Do you know how animals' bodies adapt to cold atmospheric temperature? Ever wondered how polar bears and penguins swim, sleep and play in ice? Its the gut microbiota that comes into play in regulating the body temperature of animals, reveals a study.
The gut microbiota has diverse impacts on human and animal physiology and health.
‘Any alteration in the gut microbiota will lead to impaired thermoregulation in the animals.’
In the study, researchers from the Chinese Academy of Sciences focused on the gut microbiota's role in thermoregulation.
It is well known that animals sustain their body temperature by activating heat production from a specialized tissue known as brown adipose tissue.
To evaluate the function of gut microbiota in the activation of brown adipose tissue, the team conducted experiments on mice and used different antibiotic recipes to eradicate gut microbiota in mice.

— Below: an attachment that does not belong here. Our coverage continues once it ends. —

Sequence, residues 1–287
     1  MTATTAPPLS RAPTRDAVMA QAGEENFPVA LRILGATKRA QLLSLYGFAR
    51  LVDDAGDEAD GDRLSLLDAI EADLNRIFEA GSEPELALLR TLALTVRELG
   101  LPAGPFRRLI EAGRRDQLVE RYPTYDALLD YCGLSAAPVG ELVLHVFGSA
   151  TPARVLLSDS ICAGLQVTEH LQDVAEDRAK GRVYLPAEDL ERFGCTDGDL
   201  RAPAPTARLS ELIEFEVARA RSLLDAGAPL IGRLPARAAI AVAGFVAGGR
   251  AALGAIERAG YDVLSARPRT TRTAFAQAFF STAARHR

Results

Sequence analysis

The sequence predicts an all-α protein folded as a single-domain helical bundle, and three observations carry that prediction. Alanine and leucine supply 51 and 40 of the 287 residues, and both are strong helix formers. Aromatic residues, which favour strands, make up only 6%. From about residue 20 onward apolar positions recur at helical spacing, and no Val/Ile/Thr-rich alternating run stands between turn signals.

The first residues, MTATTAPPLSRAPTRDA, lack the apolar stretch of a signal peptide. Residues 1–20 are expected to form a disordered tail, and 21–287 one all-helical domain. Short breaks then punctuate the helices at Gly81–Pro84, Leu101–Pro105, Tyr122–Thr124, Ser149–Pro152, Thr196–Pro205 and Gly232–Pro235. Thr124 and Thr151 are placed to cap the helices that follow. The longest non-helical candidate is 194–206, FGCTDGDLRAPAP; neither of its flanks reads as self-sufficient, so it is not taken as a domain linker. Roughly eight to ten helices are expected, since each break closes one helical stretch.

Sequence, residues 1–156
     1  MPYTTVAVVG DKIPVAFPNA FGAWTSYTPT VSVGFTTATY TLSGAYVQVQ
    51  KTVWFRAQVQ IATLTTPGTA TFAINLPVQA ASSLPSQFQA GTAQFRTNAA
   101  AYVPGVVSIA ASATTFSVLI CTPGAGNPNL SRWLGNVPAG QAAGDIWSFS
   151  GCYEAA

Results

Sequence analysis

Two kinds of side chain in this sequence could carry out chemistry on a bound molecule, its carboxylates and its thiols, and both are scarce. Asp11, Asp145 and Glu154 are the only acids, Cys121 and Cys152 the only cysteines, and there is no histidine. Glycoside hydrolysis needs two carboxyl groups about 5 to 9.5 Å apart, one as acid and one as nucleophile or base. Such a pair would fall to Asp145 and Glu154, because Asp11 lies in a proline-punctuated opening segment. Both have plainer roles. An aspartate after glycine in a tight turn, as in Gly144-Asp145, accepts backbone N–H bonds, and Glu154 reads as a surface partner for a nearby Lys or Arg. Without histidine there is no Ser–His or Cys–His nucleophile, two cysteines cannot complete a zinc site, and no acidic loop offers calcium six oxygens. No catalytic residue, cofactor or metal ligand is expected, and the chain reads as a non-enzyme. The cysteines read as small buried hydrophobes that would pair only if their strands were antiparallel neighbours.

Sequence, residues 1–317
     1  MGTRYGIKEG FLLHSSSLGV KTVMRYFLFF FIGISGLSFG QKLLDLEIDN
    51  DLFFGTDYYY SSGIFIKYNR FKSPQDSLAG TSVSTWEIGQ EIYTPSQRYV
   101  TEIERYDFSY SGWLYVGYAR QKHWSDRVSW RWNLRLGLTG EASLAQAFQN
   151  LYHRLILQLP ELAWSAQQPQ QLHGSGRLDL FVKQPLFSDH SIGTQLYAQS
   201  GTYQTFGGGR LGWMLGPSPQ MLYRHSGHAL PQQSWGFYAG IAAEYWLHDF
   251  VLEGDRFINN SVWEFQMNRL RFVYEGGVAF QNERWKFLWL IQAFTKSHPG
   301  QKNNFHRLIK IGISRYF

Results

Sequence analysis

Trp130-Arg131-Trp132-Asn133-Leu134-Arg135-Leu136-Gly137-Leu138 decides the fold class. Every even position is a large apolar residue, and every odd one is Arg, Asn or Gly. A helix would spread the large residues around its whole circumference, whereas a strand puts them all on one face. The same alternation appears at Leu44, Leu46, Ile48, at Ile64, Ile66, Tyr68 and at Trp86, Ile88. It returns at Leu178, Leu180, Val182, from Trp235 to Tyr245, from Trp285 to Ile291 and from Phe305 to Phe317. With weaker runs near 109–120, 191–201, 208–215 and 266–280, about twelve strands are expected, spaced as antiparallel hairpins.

The mice lacking gut microbiota showed impaired thermoregulation, said lead author John R. Speakman from the Academy's Institute of Genetics and Developmental Biology.
For those mice whose gut microbiota was destroyed by antibiotics, supplemented gut bacteria helped partially restore their heat-producing ability, Xinhua news agency reported.
Although the experiment was conducted in mice, it has important implications for human health research.
Elderly people have many problems with body temperature regulation in cold environments.
More research should be done to learn if changes in the human microbiome with age contribute to this effect, and if modulating microbiome in bodies will help elderly people better handle cold exposure, according to the study published in Cell Reports